An amputation refers to the loss of a leg, arm, foot, hand, or other body part, and it usually occurs as a result of a traumatic event, such as a car accident or workplace accident. In some cases, the body part can be reattached, but that is only possible if the severed body part has been properly preserved and medical attention is sought immediately.
About 185,000 amputations occur across the United States each year, according to the Amputee Coalition. Traumatic events account for almost half of all amputation injuries. Motor vehicle accidents, particularly those involving heavier vehicles or vehicles traveling at high speeds, can result in amputation injuries.
Amputations from workplace accidents generally happen when safety precautions are overlooked or a product or device malfunctions. Many workplace injuries result from tools or devices at work. According to the Bureau of Labor Statistics (BLS), in 2018, 58 percent of workplace injuries resulted in amputation due to heavy machinery and power tools. No matter the cause, amputations are substantial injuries, and the side effects are difficult to endure.
Those who have suffered an amputation can experience psychological injuries for many years. An amputation may cause depression due to the amputee adjusting to their new, difficult lifestyle. Adjustment is hard for everyone, and it takes time to find a new normal, as simple daily activities like grooming, eating, and dressing, will take more time and may require help from others.
Many amputees may still be able to play on sports teams or do other physical activities. However, they may not be able to perform activities the same way they did prior to the amputation. Adjustments need to be made as the body grows accustomed to working with a prosthetic limb.
Additionally, some amputees experience phantom limb syndrome. This is a condition where a person will feel pain or sensations in the amputated limb, despite the fact that it is no longer there. This can cause many challenges for the amputee.
Are There Different Types of Amputations?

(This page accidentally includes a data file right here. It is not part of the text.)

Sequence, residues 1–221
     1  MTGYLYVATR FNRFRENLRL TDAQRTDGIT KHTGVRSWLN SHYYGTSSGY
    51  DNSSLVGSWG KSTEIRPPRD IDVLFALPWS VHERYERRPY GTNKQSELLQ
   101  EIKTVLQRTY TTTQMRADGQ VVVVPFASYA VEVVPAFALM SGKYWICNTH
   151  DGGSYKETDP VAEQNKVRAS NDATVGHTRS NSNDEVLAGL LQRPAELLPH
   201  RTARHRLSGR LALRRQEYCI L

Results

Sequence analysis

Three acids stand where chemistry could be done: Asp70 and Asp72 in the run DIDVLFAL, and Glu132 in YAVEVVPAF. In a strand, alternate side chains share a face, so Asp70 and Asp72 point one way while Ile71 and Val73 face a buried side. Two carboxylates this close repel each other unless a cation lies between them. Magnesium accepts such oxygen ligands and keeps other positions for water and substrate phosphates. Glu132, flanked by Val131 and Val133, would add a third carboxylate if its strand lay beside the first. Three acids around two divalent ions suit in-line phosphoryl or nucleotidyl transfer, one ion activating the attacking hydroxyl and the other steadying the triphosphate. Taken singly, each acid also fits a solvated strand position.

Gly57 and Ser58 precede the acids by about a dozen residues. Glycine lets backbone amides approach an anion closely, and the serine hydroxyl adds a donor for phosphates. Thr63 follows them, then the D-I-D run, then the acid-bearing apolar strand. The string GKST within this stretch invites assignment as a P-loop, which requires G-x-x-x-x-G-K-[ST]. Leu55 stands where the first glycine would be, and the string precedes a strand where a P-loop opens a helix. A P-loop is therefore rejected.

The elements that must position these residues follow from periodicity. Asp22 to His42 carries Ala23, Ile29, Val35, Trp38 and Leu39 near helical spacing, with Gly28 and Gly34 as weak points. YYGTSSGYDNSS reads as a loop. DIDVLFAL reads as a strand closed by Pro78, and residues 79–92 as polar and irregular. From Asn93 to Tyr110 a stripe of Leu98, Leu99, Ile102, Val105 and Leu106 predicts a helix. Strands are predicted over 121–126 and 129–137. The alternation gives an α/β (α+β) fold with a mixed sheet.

There are two types of amputations: complete and incomplete. Both can be life-threatening injuries and can include a significant loss of blood. The intense loss of movement and blood and traumatic extraction are what classifies the amputation.
A complete amputation involves the severing of the entire limb from the body. An incomplete amputation is related to a section of soft tissue that has been disconnected but still remains. This includes the partial amputation of ligaments, tendons, and muscles.
What are Possible Complications?
With an amputation, infection is a possibility. A stump infection can occur at the base of the severed limb. Stump infections may require re-amputation, which can lead to additional complications. Antibiotics significantly reduce the rate of infection. However, viral infections are resistant to antibiotics, so it is always important to keep on top of your health.
Irritation and sores at the amputated site can come with a prosthetic as well. Pressure wounds, ulcers, and abrasions are common, and prosthetic adjustments may be needed. Ongoing medical care and physical and occupational therapy will help amputees navigate problems with prostheses.
When it comes to an amputation, the location determines whether a prosthetic can be fitted. There have been many cases where prosthetics did not benefit the amputee. In some cases, amputees have chosen to not receive one because they believe it would be too difficult to handle.
The Costs of Amputation
This is not an exhaustive list of costs that an amputee will face, but here are some that can be expected:
- Emergency medical care and surgery: Initial medical care can lead to high costs. Following the surgery, the patient will need to stay at the hospital to rest, receive antibiotics, and have access to 24-hour medical care.
- Rehabilitation: Rehabilitation following surgery is to get the patient ready for life outside the hospital. The goal is to gradually reintroduce critical life skills, with the guidance of physical therapists.
- Prosthetic: The patient will need to be fitted and periodically refitted for a prosthetic limb.
What are Possible Damages for Amputees?
When pursuing a legal case for an amputation, medical records are critical. Not only will medical records outline the long-term care that is needed for the amputee, but they will provide a basis for what funds the injured person will need going forward. However, there are funding sources available for the injured party.
If the injury happened at work, the employee can turn to Workers’ Compensation insurance. If the amputation is from a vehicle accident, the patient may receive compensation from their own or the other drivers’ auto insurance. A lawsuit may also be possible. When the amputation is the result of a faulty product or device, the injured person can pursue a products liability lawsuit. A lawyer will help their client determine the best course of action.
South Jersey Catastrophic Injury Lawyers at DiTomaso Law Offer Legal Advice to Amputees Injured by Negligent Parties
An amputation can completely alter your life. If you were injured in an accident and you suffered an amputation, we can provide legal assistance. Our South Jersey catastrophic injury lawyers at DiTomaso Law help clients who have life-altering injuries. Call us at 856-414-0010 or contact us online for a free consultation. Located in Philadelphia and Cherry Hill, New Jersey, we serve clients throughout Southeastern Pennsylvania and South Jersey, including Mt. Holly, Camden County, and Vineland.